“Scholasticism” is a word derived from the Latin word “scholasticus” which means “that which belongs to school.” It was a method or tool of learning taught by academics of medieval universities circa 1100 CE to 1500 CE. Originally, its purpose was to reconcile ancient classical Philosophy with medieval Christian Theology. By placing emphasis on Dialectical reasoning, it was believed that one could find answers and resolve contradictions.

This leads us back to the point of this communication. The foundation of the Seven Liberal Arts and Sciences was first established in Ancient Greece and more specifically Athens. Socrates, Plato and Aristotle were Athenians partially responsible for helping to establish the foundation for the study of subjects we now know as the Seven Liberal Arts and Sciences. Plato was a Classical Greek philosopher, mathematician, writer of philosophical dialogues, and founder of the Academy in Athens. The Academy was the first higher learning institution in the Western world. Academy teachers were known for laying the foundations of Science, Natural Philosophy, and Western Philosophy. Please keep in mind that Philosophy for ancient Greeks had a much broader connotation than what is applied to it today. Back then, it applied to all those domains of reality reflecting rational thought.

The story of Greek Philosophy starts sooner than Plato’s Academy though. It began in the seventh century BCE with an Ionian named Thales. He was one of the first recorded “thinkers” to reflect rationally on the makeup of the primary substance of the universe. Thales’ primary interests were Ethics, Metaphysics, Mathematics and Astronomy. Aristotle regarded him as the first Philosopher in the Greek tradition.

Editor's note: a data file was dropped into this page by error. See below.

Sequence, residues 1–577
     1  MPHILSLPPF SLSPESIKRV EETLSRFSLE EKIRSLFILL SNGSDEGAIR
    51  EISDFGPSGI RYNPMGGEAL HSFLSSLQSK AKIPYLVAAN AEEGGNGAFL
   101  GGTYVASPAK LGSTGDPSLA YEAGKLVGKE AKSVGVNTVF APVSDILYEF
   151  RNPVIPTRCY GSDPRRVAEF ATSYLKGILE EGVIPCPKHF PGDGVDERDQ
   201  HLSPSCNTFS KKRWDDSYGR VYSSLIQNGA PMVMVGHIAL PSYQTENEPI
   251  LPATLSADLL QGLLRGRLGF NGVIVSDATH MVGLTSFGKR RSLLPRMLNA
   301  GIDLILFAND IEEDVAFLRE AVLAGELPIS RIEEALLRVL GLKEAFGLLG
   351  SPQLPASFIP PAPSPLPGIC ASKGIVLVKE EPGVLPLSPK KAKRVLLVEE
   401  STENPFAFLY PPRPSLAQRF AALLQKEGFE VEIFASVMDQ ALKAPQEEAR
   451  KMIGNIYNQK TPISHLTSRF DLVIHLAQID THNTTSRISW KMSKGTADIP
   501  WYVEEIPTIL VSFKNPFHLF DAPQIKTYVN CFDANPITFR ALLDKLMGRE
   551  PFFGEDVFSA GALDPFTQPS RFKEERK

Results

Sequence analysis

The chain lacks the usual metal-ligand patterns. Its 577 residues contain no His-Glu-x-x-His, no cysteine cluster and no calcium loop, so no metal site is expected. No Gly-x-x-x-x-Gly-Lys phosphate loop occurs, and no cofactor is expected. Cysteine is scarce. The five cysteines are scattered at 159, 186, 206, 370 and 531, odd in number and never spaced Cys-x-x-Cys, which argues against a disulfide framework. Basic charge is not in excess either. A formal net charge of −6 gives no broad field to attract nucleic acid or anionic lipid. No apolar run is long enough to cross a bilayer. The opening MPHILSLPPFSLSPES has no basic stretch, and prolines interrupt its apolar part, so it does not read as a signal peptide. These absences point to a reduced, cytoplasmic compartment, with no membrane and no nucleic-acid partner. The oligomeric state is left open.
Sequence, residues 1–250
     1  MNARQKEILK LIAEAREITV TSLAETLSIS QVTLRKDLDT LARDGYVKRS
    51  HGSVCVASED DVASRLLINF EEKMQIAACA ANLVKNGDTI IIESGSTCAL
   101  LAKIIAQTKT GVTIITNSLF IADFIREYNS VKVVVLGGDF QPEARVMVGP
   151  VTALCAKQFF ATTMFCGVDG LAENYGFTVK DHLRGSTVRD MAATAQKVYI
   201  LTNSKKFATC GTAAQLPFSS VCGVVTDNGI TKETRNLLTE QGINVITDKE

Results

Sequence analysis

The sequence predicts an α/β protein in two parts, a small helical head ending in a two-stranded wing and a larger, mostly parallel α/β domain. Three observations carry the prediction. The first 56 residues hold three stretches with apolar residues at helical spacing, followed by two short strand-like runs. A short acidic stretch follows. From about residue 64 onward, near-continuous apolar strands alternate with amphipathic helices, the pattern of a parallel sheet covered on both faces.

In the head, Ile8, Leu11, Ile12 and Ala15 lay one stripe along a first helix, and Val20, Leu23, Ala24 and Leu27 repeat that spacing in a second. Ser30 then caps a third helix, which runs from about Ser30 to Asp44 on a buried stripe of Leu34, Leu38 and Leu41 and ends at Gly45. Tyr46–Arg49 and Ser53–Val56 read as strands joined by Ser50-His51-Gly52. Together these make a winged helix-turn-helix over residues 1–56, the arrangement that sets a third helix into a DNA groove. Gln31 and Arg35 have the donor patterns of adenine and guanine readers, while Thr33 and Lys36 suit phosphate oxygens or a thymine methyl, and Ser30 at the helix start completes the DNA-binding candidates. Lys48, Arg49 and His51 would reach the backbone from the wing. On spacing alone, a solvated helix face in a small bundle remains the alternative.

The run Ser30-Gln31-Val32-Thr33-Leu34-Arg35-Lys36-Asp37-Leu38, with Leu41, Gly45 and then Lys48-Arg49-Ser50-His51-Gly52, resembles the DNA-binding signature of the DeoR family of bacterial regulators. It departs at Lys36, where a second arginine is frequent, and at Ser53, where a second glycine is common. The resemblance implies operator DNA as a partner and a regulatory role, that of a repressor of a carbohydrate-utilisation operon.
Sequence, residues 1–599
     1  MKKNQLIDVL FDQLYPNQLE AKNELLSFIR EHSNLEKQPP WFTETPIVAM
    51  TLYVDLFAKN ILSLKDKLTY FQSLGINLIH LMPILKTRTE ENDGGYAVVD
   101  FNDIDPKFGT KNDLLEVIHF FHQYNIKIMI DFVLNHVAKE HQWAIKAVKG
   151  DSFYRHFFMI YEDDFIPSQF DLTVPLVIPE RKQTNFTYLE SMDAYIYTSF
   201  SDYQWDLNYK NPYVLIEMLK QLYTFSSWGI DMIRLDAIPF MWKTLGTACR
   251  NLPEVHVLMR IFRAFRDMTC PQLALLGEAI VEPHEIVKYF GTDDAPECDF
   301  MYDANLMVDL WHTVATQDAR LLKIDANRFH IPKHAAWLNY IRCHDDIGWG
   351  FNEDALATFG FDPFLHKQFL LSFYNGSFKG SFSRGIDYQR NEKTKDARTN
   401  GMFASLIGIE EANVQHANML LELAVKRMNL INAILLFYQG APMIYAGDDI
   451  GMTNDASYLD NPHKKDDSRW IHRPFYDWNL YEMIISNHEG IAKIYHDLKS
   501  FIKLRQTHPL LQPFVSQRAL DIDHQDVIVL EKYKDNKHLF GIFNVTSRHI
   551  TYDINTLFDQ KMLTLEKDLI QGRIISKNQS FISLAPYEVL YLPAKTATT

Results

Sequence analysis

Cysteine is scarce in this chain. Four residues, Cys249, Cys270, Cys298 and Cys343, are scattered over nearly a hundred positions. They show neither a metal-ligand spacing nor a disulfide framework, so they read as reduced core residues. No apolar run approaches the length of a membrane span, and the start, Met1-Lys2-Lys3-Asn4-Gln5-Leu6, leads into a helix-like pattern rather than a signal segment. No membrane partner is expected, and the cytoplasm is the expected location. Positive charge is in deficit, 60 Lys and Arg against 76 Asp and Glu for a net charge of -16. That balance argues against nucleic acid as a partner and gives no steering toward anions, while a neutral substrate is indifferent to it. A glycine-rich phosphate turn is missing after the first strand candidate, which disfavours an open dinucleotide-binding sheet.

Other “thinkers” followed Thales’ example. They were Anaximenes, Heraclitus, Parmenides and Democritus – Philosophers all. Their collective method of reasoning was Dialectic and involved the use of Rhetorical thought and discourse. This method caught on fast. Within two centuries of introduction of this specific thought process, sophists were making money in Athens instructing young men in Rhetoric. Such instruction was considered at that time the art of persuading an audience.

The Sophist’s Philosophy though espoused a type of skepticism with respect to religious beliefs and philosophical knowledge. They embraced a relativistic approach to Ethics. Their view of the universe was summed up by the sophist Protagoras, who claimed that “man is the measure of all things.” Plato characterize sophists in his “Sophist” dialogue the following way: Sophistry is a productive art, human, of the imitation kind, copy-making, of the appearance-making kind, uninformed and insincere in the form of a contrary-speech-producing art.[7]